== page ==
The audio cassette was essential equipment in our car while working in Azad Kashmir after the earthquake in 2005. Our driver, although deeply religious, had a predilection for contemporary Bollywood music. Using wagons to move around locally and between Rawalpindi, Bagh and Muzaffarabad taught me that tastes were diverse. There were drivers who only played naats, others had Western pop and some played old Pakistani pop and folk. In many of these vehicles today the cassette has been replaced with newer technology, but with the iPod shuffle or smartphones its virtues have only been superseded. In Tajik Pamir an iPod shuffle exchange system exists for long distance jeep or bus drivers: when they reach an army checkpoint not only do they show their documents and declare their passengers, but also exchange their iPod against one of the many stored in a box at the checkpoint. A continuous flux of these devices is ensured.
In the scholarly realm, in Pakistan and elsewhere, these audioscapes are still relatively poorly exploited. Apart from pure entertainment and a means to make the often arduous journeys in remote regions more diverting, what messages do these recordings contain? What do they tell us about the very essential job of public and private drivers, and could they provide material for a map of intercultural exchange? A landmark study by Charles Hirschkind on cassette sermons in Cairo is limited geographically and under-acknowledged in its value. Few scholars likely have the combination of language skills, time and patience to sieve through such material and with their rewriteable nature, few collections exist. Flagg Miller, professor of Religious Studies at the University of California, Davis, recently published a book on one such extensive archive that even though associated with a famous name, lay relatively untouched so far. His proficiency in Arabic, training as a linguistic anthropologist and previous research on Yemeni soundscapes provides him with a key to make some of the content of 1,500 audiotapes found in late 2002 in a house owned by Osama bin Laden more accessible to the less proficient reader.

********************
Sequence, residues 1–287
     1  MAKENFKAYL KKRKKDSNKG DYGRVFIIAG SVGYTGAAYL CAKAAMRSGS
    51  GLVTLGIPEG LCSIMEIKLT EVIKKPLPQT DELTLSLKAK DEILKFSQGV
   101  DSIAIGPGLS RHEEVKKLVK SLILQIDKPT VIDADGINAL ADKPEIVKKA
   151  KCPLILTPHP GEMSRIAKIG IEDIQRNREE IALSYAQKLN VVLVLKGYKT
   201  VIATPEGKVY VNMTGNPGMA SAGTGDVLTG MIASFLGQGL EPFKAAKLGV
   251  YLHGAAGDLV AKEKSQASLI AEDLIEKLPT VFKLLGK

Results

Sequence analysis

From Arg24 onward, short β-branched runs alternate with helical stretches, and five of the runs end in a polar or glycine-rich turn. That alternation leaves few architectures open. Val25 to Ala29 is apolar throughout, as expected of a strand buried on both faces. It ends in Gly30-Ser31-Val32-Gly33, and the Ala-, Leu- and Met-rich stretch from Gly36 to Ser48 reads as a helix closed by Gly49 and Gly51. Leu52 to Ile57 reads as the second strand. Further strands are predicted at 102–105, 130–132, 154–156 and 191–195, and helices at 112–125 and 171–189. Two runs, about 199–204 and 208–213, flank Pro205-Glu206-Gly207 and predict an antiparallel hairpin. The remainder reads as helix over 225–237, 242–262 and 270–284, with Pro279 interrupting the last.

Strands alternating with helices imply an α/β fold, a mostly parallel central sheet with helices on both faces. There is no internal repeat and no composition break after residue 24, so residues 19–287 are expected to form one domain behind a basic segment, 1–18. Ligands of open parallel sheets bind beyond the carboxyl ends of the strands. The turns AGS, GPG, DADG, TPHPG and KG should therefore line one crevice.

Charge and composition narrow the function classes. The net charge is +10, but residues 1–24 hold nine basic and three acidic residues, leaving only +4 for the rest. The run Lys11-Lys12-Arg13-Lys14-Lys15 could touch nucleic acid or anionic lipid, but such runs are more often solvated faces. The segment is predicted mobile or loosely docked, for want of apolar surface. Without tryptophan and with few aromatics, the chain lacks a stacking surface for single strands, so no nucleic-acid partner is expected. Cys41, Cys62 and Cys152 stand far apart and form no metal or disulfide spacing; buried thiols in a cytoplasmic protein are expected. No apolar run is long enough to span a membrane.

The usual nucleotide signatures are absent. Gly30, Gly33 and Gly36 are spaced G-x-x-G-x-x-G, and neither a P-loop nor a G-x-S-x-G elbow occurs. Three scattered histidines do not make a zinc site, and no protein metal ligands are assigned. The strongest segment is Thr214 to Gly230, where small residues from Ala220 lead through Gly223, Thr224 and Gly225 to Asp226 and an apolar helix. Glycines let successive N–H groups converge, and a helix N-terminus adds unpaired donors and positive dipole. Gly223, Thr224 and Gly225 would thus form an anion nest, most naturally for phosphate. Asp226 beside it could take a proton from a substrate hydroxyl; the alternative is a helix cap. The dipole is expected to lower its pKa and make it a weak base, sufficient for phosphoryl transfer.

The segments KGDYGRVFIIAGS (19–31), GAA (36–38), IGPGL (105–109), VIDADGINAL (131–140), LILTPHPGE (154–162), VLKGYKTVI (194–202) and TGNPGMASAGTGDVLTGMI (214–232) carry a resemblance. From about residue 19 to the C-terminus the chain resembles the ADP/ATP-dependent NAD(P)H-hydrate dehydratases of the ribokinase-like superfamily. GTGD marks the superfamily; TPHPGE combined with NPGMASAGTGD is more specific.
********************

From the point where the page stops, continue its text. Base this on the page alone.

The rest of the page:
A cache of audio recordings of Osama bin Laden is analysed by Flagg Miller
The book, The Audacious Ascetic — What the Bin Laden Tapes Reveal About al-Qa’ida has an ambitious subtitle. It suggests to be much more, or something completely different, than an anthropological account of the weight of cassette recordings in global terrorism. Reading into the book, heavily focused on what Al Qaeda was construed to be by Western media and scholarly narratives, I was wondering whether a vault of cassettes could really tell us more. Bin Laden was interviewed numerous times, many of his companions and family members have since told their story of the man, his rise and the ominous organisation that came to be associated with his name. And then Miller writes, “Much of the value of the collection lies, of course, in its connection with Bin Laden himself, or at least with the house he occupied in Kandahar between 1997 and 2001. […] Tempted though we may be to link specific cassettes and their owner’s own intellectual formation, however, influences must be qualified for at least one important reason: Bin Laden appears not to have made a regular practice of listening to audio cassettes.”